He’s come so far since I started our “Growing a Reader”/1000 Books Project, and I’m so delighted to see where the next months and years of reading take us.
After 1000 Books: School at Home
I mentioned that I don’t intend another “1000 Books” project from here, and I don’t intend to keep updating the long list. It’s been very hard to keep the record of all the books we’ve read up to date, simply because we go through so many so frequently! Also, because I was focusing on reviewing CYBILS nominees in the fall, so many of the best books we’ve read on that list were never mentioned on this blog, and they deserve mention because they were good!
Further, Raisin’s needs have changed. As many of you know, I’ve been contemplating homeschooling him come kindergarten (in another 18 months). But Raisin has such an interest in learning, I decided to give some “focused” learning a chance in our home, just to see how it could work.
Raisin has adapted to “school at home” with a passion. We began by reading library books about the planets, which for some reason he loves. He wrote his own “book” about the planets and illustrated it too. This month he’s been fascinated about the human body, especially how digestion works (“…and then we poop it out!”) and the skeleton (since he can feel his bones). We wrote up another “book” and he’s going to illustrate it. We’ve learned how to read an analog clock and all about the coins (pennies, nickels, and dimes, mostly), so we can pretend to go grocery shopping with our pretend food.
I picked up a book of letters and number worksheets so Raisin can practice writing and now he is making me worksheets all the time. This is amazing because in December, before I began the writing worksheets, he always cried that writing was “too hard” so I never pushed it. Now he’s always writing things down. He also especially loves number games and worksheets. We’ve talked about odd and even numbers, numbers that are “greater’ or “less than”, and even some basic addition. (I’m sticking with numbers under 15 or 20 and addition in single digits for now.)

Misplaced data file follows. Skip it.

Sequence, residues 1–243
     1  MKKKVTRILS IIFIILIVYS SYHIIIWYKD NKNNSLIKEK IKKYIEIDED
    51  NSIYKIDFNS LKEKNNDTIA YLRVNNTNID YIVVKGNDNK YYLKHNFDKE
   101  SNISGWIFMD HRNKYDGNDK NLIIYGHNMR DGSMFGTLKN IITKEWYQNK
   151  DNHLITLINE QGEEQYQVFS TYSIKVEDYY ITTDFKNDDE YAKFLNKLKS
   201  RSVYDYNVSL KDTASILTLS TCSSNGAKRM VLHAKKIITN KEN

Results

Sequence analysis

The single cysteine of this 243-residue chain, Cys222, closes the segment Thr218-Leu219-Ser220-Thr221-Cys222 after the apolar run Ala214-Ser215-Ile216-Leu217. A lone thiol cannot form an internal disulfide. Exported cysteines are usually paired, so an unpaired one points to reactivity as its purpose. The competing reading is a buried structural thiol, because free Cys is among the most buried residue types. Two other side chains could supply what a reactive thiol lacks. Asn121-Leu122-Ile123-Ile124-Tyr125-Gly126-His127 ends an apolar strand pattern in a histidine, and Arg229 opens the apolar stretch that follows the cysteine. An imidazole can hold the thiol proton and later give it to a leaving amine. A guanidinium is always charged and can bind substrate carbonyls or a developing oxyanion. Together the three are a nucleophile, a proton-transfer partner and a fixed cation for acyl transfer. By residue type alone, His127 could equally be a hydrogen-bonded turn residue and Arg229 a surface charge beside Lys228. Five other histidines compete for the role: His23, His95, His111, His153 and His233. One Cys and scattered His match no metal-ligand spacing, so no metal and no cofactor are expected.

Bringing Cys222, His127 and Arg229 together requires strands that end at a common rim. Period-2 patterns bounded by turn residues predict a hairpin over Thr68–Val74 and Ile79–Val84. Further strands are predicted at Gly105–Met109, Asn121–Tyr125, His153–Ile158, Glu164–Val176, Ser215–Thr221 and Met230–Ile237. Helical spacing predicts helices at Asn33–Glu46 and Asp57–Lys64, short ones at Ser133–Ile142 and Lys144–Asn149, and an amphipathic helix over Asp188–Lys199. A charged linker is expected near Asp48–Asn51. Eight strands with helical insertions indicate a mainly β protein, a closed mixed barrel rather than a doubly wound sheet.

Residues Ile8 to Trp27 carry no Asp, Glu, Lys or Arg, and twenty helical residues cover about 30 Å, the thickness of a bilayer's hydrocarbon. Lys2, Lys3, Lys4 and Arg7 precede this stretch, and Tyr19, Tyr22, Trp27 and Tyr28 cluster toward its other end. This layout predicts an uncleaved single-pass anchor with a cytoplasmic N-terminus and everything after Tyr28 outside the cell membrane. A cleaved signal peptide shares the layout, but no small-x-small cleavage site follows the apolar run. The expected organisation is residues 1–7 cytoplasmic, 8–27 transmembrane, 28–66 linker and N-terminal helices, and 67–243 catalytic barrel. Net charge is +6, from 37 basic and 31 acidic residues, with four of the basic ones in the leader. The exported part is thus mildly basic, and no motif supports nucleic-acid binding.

He also is fascinated by maps: we’ve learned about the seven continents, and we have been talking about Antarctica this month (he likes that it’s the South Pole, opposite where Santa lives). He has learned about map legends or keys, about the points of a compass, and scale (although this last concept has been rather difficult to understand).
In short, Raisin loves school at home. Some days, he wants to “do school” for hours. “Can I have another worksheet?” I don’t want to burn him out, but I’m fascinated by his fascination and I love seeing what he’ll want to learn next!
I’m considering posting occasionally about our “school at home” projects on this site. I could separate it into a different site (and in fact, I do have a personal family blog, but I don’t want that to go public, and I think public sharing of homeschooling ideas would be helpful) so just let me know if you’d be interested in hearing about Raisin’s School at Home progress….or not.
Whether or not I discuss more of Raisin’s “school” on this blog, I do plan on continuing to post about picture books and other books we’ve enjoyed together and that I’d recommend. My personal reading focus will remain classic literature, but since mothering is such a huge part of my life, I fully intend to keep picture books and other children’s literature in my regular reading too!